Coolock Window Pane

A portrait of Catherine McAuley
A portrait of Catherine McAuley
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By Sister Brenda Peddigrew

When Catherine noticed the crossed window pane
of her Coolock bedroom, no doubt staring out one long night,
lost in the meaning of her life – she saw, as though a portal opening to God,
what needed doing, what she longed to do
for the poor, the sick and the victimized women of her world.

She opened that door for thousands
calling us, through that window’s portal, to surrender to her vision
of allowing God to use our hands and feet, our eyes and hearts and souls,
to bring into being a new way of transforming the world.

The world? One person, one straggling group, one
long-lived institution in the world, which is, after all, a hologram:
change one small thing and the whole world changes.

With Catherine standing vigil in my praying heart,
I found my ministry of transformation.

Within and without,
while keeping my collaborating eyes
fixed on her crossed pane in the Coolock window,
I accompany people and groups
who long to bring into being
what cannot yet be seen,
who accept that transformation is God’s work,
not ours alone or even primarily,
and who are willing
to step out of the familiar, out of comfort,
out of security
into the dark unknown
with only God’s light.

Catherine knew she didn’t want her women
to live like all the other orders of her time.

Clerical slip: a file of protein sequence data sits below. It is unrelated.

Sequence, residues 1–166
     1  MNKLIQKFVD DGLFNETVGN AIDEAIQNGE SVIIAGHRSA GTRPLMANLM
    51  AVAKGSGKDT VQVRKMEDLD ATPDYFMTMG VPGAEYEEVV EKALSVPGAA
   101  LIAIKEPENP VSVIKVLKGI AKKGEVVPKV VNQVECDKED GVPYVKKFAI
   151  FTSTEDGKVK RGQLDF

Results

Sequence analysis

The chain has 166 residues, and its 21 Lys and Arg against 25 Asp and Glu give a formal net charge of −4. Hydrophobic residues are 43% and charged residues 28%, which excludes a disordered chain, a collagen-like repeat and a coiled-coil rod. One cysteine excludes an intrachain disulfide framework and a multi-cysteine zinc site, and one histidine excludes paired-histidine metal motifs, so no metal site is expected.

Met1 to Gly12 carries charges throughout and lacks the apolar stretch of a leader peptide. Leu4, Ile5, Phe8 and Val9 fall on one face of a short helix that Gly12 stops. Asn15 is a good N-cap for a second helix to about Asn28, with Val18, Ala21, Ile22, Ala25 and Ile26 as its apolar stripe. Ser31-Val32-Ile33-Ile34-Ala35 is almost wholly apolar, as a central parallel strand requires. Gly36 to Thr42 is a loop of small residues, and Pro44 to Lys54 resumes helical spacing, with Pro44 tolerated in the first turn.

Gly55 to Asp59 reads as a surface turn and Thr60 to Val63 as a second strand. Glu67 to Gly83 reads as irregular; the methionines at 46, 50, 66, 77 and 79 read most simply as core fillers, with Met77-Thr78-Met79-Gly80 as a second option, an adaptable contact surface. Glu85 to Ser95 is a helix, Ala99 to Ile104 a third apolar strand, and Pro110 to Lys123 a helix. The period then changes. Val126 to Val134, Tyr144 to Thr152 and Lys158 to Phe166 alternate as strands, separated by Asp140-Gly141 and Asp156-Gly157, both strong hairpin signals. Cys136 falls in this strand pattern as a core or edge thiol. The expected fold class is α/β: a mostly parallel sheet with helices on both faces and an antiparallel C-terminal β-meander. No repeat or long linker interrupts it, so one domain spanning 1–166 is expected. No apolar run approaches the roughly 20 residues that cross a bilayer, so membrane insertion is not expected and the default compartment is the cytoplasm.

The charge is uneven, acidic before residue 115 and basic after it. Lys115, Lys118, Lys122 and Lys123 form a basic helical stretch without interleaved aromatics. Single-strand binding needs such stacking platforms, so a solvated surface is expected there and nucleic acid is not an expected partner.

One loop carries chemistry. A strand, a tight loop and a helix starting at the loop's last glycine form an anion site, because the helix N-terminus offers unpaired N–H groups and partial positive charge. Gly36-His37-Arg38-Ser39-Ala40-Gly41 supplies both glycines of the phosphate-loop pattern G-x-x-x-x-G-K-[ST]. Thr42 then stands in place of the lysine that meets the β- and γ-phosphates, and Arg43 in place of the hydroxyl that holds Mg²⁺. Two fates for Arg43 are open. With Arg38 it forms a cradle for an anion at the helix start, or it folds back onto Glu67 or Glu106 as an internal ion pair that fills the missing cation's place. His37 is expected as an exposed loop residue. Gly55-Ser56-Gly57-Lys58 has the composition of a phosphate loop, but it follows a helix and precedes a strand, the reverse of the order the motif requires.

She knew that something else was being born in her
and she trusted, through all her anxiety, she trusted –
without seeing much beyond one moment at a time.
She didn’t play the double-think games or take part
in the power-struggles of her time. Instead,
she acted on the elemental truth she saw
in the crossed pane of her Coolock window
or while sitting beneath the walnut tree
in the Coolock garden.

The ministry of transformation involves
much “tripping about” as Catherine experienced,
and – like her – I try to keep my heart
“always in the same place” as she so lightly said:
“centred in God, for whom alone
we go forth or stay back.”

Forms change, as Catherine saw. With or without us,
and even with our most careful planning, they change,
or – as Rumi said – “the lamps are all different
but the Light is the same.”
My ministry is to midwife transformation
to point out the Light
that might be lost in holding on to old forms
and to dance – as Catherine did –
with delight in the new.

Brenda Peddigrew, RSM (NL)
(while staring out Catherine’s Coolock window, July 2015)